HaptX accuses Meta of identical patent for “Haptic Glove”

Haptic gloves company “HaptX” is alleging that Meta has emulated its design in its latest uncovering for the Haptic Glove in Wednesday’s reveal, stating it appears “to be substantially identical” to its patents.

Virtual Reality (VR) and Augmented Reality (AR) haptic glove pioneer HaptX pointed fingers at Meta – formerly known as Facebook – stating that it replicated its own creation by using indistinguishable intellectual property to use pneumatics to stimulate sensory touch. 

“We welcome interest and competition in the field of microfluidic haptics; however, the competition must be fair for the industry to thrive,” Jake Rubin, Founder, and CEO of HaptX, said in a statement.

“While we have not yet heard from Meta, we look forwards to working with them to reach a fair and equitable arrangement that addresses our concerns and enables them to incorporate our innovative technology into their future consumer products,” he added.

Meta’s latest innovation will not reach market distribution for years. However, the company’s virtual reality group, Meta Reality Labs, a division that strictly focuses on VR and AR, is a firm believer in the hypothesis that the neural sense will play a fundamental role in VR/AR systems in the upcoming future.

The robotic-feel-like glove designed with hundreds of actuators (small motors) will deliver real-life physical touch feel to the hand. Created from a refined control system that imitates the feeling of pressure when individuals hold an object.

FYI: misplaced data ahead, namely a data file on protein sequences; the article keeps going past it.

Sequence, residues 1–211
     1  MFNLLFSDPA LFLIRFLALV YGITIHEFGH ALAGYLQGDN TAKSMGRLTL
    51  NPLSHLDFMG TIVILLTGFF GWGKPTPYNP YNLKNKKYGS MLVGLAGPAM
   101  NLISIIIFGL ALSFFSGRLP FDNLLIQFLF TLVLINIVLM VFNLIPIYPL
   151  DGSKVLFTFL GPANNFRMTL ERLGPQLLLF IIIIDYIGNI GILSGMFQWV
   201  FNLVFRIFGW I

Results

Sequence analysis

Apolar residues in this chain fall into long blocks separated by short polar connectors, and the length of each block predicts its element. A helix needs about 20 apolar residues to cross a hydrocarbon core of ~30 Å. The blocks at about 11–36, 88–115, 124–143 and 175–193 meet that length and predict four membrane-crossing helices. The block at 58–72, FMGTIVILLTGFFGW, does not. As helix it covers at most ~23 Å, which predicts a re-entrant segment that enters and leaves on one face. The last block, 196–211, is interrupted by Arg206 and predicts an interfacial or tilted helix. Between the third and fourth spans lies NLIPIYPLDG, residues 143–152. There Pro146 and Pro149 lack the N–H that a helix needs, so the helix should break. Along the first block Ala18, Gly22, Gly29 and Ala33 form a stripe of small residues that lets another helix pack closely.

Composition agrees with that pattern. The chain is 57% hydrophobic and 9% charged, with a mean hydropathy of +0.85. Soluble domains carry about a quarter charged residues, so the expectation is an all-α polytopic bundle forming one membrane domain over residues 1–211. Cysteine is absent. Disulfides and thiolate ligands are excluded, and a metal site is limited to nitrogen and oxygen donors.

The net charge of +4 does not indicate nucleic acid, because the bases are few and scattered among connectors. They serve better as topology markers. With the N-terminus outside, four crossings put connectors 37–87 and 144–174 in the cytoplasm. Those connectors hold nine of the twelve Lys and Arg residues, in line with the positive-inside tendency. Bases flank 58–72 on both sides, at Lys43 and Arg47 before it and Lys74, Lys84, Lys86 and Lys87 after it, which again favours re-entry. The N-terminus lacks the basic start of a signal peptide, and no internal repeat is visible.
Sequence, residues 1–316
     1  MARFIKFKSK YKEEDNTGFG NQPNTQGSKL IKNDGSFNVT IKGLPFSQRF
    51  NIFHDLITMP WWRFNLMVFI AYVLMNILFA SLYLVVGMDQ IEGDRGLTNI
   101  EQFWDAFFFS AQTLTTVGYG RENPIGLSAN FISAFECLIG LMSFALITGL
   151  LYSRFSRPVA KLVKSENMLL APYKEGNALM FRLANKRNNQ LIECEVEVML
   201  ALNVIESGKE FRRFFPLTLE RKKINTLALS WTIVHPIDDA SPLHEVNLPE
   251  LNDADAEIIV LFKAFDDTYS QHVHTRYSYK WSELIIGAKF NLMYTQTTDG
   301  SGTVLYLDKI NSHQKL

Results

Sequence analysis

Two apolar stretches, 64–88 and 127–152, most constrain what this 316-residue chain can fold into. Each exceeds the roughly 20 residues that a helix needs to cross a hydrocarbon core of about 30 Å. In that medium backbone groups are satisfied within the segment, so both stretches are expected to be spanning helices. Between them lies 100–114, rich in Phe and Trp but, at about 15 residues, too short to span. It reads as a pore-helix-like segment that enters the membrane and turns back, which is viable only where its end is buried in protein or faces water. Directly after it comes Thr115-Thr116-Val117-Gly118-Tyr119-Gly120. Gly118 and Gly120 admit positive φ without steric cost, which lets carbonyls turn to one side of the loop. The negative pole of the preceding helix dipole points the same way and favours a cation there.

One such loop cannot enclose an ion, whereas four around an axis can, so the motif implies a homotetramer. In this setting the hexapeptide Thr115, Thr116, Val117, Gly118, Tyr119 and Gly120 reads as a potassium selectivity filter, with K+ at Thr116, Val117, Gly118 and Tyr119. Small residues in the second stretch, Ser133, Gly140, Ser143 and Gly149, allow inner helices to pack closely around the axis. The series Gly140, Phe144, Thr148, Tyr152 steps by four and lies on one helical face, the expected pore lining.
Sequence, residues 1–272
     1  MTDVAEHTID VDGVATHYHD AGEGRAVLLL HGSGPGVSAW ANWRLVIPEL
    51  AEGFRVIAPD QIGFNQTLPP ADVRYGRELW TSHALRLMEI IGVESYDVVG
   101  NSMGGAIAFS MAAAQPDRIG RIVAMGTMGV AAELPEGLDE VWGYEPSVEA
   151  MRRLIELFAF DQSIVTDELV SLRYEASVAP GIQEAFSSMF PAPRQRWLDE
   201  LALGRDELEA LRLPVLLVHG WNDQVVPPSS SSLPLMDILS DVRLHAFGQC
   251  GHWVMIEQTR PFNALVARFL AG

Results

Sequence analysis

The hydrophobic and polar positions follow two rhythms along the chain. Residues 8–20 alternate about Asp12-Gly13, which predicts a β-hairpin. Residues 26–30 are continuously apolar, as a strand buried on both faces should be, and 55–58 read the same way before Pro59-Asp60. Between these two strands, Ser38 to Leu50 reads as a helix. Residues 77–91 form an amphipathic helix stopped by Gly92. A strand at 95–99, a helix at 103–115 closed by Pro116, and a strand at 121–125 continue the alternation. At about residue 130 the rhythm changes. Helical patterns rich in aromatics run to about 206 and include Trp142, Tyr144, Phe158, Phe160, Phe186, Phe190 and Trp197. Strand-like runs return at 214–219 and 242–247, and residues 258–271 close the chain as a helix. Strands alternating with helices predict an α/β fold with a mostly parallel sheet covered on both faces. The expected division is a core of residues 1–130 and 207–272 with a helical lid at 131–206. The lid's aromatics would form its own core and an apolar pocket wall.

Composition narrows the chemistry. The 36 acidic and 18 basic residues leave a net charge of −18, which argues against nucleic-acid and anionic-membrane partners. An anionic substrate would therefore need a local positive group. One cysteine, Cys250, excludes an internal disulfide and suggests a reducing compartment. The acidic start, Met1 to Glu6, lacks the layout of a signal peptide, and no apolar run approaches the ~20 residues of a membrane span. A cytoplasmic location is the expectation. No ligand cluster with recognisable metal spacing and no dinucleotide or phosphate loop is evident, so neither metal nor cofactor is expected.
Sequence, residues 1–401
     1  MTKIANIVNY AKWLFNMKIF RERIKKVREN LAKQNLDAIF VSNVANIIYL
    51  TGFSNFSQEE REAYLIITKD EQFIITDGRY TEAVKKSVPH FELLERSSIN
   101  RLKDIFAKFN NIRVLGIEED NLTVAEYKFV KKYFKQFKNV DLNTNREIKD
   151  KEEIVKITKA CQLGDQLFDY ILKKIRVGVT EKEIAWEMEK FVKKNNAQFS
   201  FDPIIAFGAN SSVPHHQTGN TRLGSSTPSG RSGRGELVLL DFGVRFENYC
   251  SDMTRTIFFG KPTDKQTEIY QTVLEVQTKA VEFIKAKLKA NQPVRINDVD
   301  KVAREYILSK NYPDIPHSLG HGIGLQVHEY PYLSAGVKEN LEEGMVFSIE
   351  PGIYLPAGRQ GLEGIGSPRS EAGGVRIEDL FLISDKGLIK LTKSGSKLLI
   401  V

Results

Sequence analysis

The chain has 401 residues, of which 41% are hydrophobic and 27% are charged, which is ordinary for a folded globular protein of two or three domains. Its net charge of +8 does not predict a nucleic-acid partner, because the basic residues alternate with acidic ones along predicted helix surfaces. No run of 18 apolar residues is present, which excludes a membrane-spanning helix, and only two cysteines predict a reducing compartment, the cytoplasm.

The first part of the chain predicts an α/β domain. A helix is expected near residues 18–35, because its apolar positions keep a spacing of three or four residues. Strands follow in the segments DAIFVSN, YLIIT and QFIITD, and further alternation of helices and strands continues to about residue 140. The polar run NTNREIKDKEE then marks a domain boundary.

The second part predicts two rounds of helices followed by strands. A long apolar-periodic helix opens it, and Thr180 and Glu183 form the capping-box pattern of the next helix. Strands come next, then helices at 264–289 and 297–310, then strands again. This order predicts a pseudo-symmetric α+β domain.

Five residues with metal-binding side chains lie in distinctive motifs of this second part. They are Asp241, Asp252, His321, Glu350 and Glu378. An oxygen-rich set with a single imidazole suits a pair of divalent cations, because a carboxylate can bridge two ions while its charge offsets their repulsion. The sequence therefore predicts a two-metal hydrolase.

Now, HaptX is addressing Meta’s latest innovation by saying that it already designed and launched an identical inflation-based system before the Big Tech giant unveiled its haptic glove on Wednesday. The only difference between the two companies’ creations is that the hardware inventor exclusively sells its glove to professional clients and has not been deployed in the market for consumer usage.

If the situation with HaptX unravels to a much more severe level, Meta could be facing serious legal charges for copying a patent. Given that the VR company is accusing the metaverse creator of direct copyright infringement.

While Meta has not addressed these allegations, one aspect of this situation is publicly known. Back in its days, Meta’s predecessor label Facebook has been continuously accused of dishonestly competing with some of the biggest VR names in the industry.

The giant’s imposed unfair competition on its part against VR and AR software developers played a massive role in empowering its stance with the rise of the virtual world.

As for both companies’ position on the latest unraveling, HaptX held back from commenting on what measures should be taken to reach a fair settlement with Meta or if it might consider filing a lawsuit against the giant.

Meta has refused to comment on any aspects related to the matter.